The Hellenic religion has many gods and goddesses, with Zeus most often depicted as the chief god.
Greek templesGreek temples (Ancient Greek: Ναός, Naós "dwelling") are structures built to house deity statues within Greek sanctuaries in the Hellenic religion. The temple interiors do not serve as meeting places, since the sacrifices and rituals dedicated to the respective deity take place outside them. Temples are frequently used to store votive offerings. They are the most important and most widespread building type in Greek architecture.
A Grand Temple or Great Temple (Greek: μεγάλη Ναός, literally "great temple") is the primary Greek Temple of one of the Twelve Olympians. These temples are held in great reverence and are the most sacred places of the Hellenic religion. Each of these temples are administrated by a High Priest or High Priestess (Greek:Αρχιερέας or Πρωθιέρεια).
Temple of Zeus at Olympia
Main article: Temple of Zeus
The Temple of Zeus at Olympia is the holiest site in all of Hellenism and the chief temple of Zeus, the king of the Hellenic gods. The Temple of Zeus is under the supervision of the Supreme Priest or Supreme Priestess, who is the nominal head of the Hellenic religion.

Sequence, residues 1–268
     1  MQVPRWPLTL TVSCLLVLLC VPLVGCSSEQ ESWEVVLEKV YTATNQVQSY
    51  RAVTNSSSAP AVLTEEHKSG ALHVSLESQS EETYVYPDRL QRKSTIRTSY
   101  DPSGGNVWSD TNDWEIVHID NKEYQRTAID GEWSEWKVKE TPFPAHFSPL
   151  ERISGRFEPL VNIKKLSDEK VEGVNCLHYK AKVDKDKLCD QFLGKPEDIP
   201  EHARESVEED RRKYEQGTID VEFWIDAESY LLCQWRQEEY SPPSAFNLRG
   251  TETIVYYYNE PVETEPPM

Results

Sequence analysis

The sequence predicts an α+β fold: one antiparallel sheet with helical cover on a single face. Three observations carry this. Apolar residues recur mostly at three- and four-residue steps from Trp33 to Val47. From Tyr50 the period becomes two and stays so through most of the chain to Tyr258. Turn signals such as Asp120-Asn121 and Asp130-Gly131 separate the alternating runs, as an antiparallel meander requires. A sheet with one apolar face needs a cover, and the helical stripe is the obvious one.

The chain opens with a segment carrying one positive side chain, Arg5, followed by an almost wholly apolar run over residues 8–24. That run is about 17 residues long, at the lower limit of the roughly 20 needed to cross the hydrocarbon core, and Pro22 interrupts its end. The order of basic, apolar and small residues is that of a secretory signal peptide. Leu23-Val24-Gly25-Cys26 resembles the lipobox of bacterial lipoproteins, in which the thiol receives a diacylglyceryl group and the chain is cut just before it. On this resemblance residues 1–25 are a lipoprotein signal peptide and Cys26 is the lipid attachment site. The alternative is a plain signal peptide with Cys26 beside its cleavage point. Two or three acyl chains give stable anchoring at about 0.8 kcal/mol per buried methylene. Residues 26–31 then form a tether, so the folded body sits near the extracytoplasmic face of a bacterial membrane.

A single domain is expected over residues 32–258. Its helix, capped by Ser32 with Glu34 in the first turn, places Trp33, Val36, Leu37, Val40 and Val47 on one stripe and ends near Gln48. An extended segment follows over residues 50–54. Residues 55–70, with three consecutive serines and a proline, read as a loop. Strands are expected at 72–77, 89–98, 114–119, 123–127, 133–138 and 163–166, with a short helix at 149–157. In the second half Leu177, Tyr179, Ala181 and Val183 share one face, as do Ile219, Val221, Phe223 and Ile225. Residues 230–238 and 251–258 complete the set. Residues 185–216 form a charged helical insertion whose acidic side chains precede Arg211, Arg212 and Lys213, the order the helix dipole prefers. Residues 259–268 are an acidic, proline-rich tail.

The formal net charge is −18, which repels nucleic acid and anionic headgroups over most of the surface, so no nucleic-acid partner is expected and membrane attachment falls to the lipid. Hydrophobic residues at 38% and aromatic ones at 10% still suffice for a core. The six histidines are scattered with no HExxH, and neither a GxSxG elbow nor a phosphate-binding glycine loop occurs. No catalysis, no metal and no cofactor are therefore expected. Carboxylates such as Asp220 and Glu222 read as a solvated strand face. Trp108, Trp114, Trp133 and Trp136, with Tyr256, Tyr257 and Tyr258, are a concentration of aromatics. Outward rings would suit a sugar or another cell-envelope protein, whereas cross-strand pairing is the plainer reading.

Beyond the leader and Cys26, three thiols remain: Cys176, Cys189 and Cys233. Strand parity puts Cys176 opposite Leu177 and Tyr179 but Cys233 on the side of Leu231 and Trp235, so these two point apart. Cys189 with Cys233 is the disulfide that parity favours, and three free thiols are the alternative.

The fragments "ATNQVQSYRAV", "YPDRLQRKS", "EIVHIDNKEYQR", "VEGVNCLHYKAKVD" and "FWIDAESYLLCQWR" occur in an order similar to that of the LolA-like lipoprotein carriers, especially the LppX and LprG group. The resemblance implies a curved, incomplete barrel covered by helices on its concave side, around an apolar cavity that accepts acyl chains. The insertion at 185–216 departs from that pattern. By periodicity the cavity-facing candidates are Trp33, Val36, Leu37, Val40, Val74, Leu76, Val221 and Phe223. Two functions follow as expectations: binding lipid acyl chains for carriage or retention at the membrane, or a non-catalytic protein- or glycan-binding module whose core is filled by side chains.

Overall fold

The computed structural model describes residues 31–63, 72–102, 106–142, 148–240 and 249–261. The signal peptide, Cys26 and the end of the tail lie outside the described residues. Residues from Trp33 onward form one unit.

It is customary for the Alexandrian monarch to praise Zeus and ask for his blessing upon ascending the Alexandrian throne.
DeitiesThe Hellenic religion has many different gods and goddesses.
The Twelve Olympians
Twelve Olympians are the major deities of the Greek pantheon, commonly considered to be Zeus, Hera, Poseidon, Athena, Apollo, Artemis, Ares, Hephaistos, Hermes, Aphrodite, Dionysos, Hades and either Demeter or Hestia.
The Twelve Olympians, also known as the Dodekatheon (Greek: Δωδεκάθεον from δώδεκα, dōdeka, "twelve" and θεοί, theoi, "gods"), were the principal deities of the Greek pantheon, said to reside atop Mount Olympus. The Olympians gained their supremacy in a ten-year-long war of gods in which Zeus led his siblings to victory over their predecessor gods, the Titans.